Friday, October 22, 2010

Two Serial Killers by Hitchcock, p2

In some ways Frenzy, as Hitchcock’s second to last realized film, is a remake of his first realized feature. Both are set in London. Both are about serial killers of women. Both are about the apparent guilt of a man who ends up innocent of the crimes. However, whereas in The Lodger we never see the killer and the story is not about that character, in Frenzy we know early on who the killer is and even explore him as a character.

The killer in Frenzy is a pathetic, disgusting, terrible person—as any sexual psychopathic killer should be. Perhaps more interesting is the fact that the wrongly accused man—a hero in any Hitchcock film—is also a pathetic, temperamental, pretty lousy person as well. Certainly he is not someone for whom we are particularly rooting. Who is the hero here? The main detective is amusing, but mostly due to his silly if insightful wife. In fact, all of society in this film comes off lacking anything to admire. The reactions of people to the killings early in the film are similar to those of The Lodger, only more disturbing both due to the fact that we are hearing their jests and to the crass nature of those jests.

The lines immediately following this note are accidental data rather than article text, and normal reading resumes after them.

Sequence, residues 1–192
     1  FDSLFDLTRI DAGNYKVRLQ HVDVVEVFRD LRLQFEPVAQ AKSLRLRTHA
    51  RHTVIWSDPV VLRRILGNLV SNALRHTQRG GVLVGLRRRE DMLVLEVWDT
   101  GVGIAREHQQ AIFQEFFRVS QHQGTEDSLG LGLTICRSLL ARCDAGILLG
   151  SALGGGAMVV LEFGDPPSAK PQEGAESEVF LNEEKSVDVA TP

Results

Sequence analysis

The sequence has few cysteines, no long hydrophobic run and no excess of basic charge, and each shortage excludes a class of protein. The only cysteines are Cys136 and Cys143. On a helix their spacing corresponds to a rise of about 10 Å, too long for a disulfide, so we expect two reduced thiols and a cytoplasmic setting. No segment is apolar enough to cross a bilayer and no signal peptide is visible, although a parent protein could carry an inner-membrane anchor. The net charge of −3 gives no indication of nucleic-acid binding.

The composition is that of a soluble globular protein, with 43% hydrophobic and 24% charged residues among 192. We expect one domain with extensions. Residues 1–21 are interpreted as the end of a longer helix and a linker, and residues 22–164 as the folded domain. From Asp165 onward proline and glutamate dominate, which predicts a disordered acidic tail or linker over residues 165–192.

Sadly, the person who comes off looking the worst here is Hitchcock himself. Free of the restraints that forced him to refine his craft in earlier years; he is here free to indulge. We are left with shocking attitudes towards women and rape, far too much nudity that serves no storytelling, and a general dirty feeling about every aspect of London in the early seventies. (That last bit may not be Hitch’s fault.)

Once again, intentionally or not, Hitchcock makes a movie about a serial killer that serves more to expose the evil in the mundane of everyday society. Even without a killer on the loose, we would be disturbed to live in such a world. We are.

1 comment:

  1. Well reasoned. EXCELLENT conclusion and closing sentence....I am speaking of structure of essay, as well as content


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